National leader Christopher Luxon's decision to muzzle MP Simon O'Connor was a poor one, even if the latter's views are unpopular. By Jane Clifton
There was a time, in the Ancient Greek city state of Sparta, when votes were measured using acclamation voting: whichever side shouted the loudest, won.
This practice, though undoubtedly invigorating, eventually yielded to the rather more logical system of counting. However, this ancient system now appears to have been resurrected, in the form of social media.
As National MP Simon O'Connor found out, there is now such a thing as a conscience which dare not speak for terror of being pilloried by an electronic cacophony.
In a week that provoked horrifying echoes of Margaret Atwood's The Handmaid's Tale, the US Supreme Court's overturning of Roe v Wade threatens more than the rights of women. It's hard to read the court's action as anything other than a massive betrayal of all citizens, given previous undertakings.
That it comes at a time when the anti-feminist incel movement – the "involuntarily celibate" – is increasingly using terrorist radicalisation techniques to recruit men in the cause of subjugating women signals it's horribly possible fiction's most dystopian visions are being transcended by real life.
The anti-abortion ranks have suffered new uglification, thanks to the grotesque gloating of former president Donald Trump and his supporters about the court decision. Did they but realise it, their behaviour has herded many people in the opposite direction.
It was striking how few MPs in New Zealand, who have previously voted against abortion liberalisation, were prepared to endorse the US's new suppression of abortion: just one, O'Connor.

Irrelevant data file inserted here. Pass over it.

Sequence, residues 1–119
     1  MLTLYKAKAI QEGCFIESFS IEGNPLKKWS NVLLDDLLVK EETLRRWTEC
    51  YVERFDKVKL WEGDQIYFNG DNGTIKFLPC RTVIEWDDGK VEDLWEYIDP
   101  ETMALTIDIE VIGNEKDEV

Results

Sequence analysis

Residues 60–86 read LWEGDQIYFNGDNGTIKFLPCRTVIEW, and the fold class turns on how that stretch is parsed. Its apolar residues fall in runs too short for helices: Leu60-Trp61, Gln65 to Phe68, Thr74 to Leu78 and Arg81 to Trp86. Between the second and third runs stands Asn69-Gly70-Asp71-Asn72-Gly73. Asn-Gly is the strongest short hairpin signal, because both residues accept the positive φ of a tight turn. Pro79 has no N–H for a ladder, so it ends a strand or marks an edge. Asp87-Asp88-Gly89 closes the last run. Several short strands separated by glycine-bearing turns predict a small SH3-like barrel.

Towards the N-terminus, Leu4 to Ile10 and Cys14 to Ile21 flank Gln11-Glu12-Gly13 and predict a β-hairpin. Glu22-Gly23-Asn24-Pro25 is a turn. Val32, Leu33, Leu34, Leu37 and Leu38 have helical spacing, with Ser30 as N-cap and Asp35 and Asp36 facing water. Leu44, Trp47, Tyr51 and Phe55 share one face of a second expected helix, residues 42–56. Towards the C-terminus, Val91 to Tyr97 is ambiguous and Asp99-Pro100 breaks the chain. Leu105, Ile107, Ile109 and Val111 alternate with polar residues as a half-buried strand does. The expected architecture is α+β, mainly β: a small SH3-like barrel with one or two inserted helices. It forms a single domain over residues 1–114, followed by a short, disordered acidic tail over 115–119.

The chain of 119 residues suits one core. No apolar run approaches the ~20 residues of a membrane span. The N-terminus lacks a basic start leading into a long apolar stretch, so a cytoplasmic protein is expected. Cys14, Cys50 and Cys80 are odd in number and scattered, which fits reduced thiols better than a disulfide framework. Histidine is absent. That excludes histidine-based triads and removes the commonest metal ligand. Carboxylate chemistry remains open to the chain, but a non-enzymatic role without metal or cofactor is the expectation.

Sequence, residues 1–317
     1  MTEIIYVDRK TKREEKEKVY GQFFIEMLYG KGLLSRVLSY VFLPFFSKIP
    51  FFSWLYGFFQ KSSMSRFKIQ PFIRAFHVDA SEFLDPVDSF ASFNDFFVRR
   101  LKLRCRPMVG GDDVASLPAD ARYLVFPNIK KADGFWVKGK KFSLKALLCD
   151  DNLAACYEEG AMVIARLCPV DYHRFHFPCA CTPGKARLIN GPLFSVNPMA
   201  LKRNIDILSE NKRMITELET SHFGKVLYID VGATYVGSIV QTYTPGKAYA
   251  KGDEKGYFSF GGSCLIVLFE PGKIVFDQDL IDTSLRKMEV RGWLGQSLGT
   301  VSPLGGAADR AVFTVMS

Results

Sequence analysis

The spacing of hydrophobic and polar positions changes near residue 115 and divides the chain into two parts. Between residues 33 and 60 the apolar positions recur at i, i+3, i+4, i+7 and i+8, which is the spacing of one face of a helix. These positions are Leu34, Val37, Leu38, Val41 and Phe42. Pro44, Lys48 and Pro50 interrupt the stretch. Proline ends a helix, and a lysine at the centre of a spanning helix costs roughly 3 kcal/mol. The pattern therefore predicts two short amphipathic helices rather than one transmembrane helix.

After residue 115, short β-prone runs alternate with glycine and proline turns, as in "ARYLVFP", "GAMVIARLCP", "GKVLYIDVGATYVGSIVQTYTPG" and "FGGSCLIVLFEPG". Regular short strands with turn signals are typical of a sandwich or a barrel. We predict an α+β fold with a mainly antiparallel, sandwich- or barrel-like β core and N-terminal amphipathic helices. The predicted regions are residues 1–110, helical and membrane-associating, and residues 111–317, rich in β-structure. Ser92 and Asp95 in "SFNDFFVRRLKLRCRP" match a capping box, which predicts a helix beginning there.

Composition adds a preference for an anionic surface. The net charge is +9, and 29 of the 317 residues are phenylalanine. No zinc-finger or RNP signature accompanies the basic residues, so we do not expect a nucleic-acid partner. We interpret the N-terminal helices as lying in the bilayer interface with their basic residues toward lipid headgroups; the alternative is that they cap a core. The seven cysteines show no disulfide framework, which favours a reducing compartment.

The others, some publicly, others tacitly, have conceded there's scant public mood for change or even a new debate in this country.
It's highly unlikely any of the broad themes – misogyny, judicial activism or a drift back to theocratic rule – were troubling O'Connor when he tweeted his support for the new anti-abortion regime. His views are no secret, so it was just social media business as usual for him.
He is, at least, guilty of a tin ear. A tactful silence is often the best course in times of extreme emotion.
However, O'Connor's expression of opinion would once have been thought to be his right in a democracy. Fellow MP Harete Hipango once posted on social media that Prime Minister Jacinda Ardern supported late-term abortion, which was not true and an unusually egregious accusation. Hipango didn't get a fraction of the grief that came O'Connor's way simply for expressing his already-known opinion.
Worse, his leader, Christopher Luxon, asked him to delete the tweet after saying National MPs would not be relitigating the present abortion settings under his leadership. O'Connor obliged and was apologetic that he'd caused so much upset.
In one sense, both men did the decent thing in seeking to de-escalate sorrow and fear. It was no small concession for Luxon, who is against abortion, to so publicly and unambiguously remove the issue from his political agenda. But here we go with the hate-speech paradox again: taking one's views offline doesn't mean those views go away. And the sense that a noisy, intemperate mob is seeking to suppress one's views is not apt to lead to intelligent debate, let alone compromise or orderly surrender on one side or another.